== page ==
Lessons from Social Media
Given these subjective standards and the absence of a bright line test, how are lawyers and judges to navigate their social interactions while still upholding the integrity and fairness of the judicial process? A judicial ethics opinion in the field of social media provides additional guidance that, by analogy, is instructive in evaluating “offline” interactions between the Bench and Bar.

On November 23, 2010, the Judicial Ethics Committee of the California Judges Association issued Opinion 66 titled, “Online Social Networking.” Although focused on the ethical issues that arise when judges participate in online social networking sites like Facebook, Myspace, and Twitter, much of the guidance provided in Opinion 66 equally applies to socializing in general between judges and lawyers. “It is the nature of the interaction that should govern the analysis, not the medium in which it takes place.” Cal. Jud. Ethics Comm. Op. No. 66 at 11. 

The particular concern surrounding online social networking between attorneys and judges is the “appearance of bias or undue influence.” Id. at 7. Among other dangers, online social interactions risk violating judicial canons prohibiting a judge from “convey[ing] the impression that any individual is in a special position to influence the judge” or engaging in extrajudicial conduct which may “cast reasonable doubt on the judge’s capacity to act impartially.” Cal. Code Judicial Ethics, Canons 2B and 4B1.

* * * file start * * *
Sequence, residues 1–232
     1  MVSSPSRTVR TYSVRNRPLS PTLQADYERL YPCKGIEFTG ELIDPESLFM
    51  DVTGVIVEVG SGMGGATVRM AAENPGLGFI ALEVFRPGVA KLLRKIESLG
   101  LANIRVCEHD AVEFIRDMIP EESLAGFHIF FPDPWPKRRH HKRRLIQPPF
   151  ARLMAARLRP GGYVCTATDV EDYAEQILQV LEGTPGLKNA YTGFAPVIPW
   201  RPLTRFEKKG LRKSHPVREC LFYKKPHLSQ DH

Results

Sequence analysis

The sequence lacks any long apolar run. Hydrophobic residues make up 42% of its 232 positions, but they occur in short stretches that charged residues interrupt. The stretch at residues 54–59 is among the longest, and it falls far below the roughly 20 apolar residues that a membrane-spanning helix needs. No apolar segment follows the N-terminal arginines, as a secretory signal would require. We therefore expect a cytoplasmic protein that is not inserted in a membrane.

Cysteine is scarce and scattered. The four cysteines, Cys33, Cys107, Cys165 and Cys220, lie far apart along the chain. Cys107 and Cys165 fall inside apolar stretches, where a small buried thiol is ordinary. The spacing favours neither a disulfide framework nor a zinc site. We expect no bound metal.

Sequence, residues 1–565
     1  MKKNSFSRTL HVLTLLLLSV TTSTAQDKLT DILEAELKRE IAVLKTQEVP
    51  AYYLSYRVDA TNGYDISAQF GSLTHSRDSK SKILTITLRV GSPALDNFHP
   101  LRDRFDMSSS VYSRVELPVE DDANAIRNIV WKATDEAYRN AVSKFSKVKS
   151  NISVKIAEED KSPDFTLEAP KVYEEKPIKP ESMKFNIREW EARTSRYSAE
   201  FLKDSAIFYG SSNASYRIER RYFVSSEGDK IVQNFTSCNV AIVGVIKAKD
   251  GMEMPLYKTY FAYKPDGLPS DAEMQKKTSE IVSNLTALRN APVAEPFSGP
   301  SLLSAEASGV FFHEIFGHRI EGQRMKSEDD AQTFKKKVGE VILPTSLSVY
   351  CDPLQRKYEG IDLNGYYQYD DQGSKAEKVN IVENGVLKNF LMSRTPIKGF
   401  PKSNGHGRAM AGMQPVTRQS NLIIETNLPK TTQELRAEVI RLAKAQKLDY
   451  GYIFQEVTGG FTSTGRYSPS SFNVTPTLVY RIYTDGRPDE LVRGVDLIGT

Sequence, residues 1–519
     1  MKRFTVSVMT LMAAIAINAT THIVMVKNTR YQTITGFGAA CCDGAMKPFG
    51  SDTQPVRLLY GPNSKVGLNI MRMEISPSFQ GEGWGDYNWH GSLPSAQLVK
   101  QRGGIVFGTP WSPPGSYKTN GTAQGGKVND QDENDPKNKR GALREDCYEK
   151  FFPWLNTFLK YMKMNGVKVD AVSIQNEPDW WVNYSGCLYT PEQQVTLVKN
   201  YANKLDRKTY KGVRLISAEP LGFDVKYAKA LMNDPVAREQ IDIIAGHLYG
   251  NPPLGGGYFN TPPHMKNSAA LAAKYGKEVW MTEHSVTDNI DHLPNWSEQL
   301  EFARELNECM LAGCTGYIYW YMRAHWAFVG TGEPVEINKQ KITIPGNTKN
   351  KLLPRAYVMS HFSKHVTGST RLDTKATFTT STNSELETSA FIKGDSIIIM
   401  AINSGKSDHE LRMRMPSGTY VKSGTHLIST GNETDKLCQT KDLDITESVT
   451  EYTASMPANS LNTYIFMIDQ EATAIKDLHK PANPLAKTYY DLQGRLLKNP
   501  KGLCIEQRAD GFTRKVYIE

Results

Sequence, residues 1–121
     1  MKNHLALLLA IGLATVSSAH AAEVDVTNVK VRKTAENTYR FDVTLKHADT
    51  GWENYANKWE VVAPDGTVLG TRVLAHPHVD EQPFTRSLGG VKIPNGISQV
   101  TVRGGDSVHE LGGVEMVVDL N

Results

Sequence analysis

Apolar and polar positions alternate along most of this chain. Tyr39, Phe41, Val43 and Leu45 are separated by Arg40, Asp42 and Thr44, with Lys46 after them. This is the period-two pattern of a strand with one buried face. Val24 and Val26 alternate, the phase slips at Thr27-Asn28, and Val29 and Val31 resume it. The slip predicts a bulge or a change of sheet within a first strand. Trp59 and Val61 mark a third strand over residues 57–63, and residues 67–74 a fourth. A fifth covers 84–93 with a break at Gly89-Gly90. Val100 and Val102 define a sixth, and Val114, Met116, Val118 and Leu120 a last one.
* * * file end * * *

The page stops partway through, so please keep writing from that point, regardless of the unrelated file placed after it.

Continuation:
Opinion 66 focuses on appearance issues of judges and lawyers being “friends” on social networking sites, opining that the more personal the nature of the online relationship, the greater the likelihood that the online “friendship” would create the appearance that the attorney would be in a special position to influence the judge, or cast doubt on the judge’s ability to act impartially. Op. No. 66 at 7. Among the factors to be considered in determining the propriety of the online interaction are the following:

  • The nature of the social networking site (the more personal the nature of the forum, the greater risk of appearance of improper influence or partiality);
  • The number of friends on the page (the greater number of “friends” on the forum, the less likely one could reasonably perceive undue influence);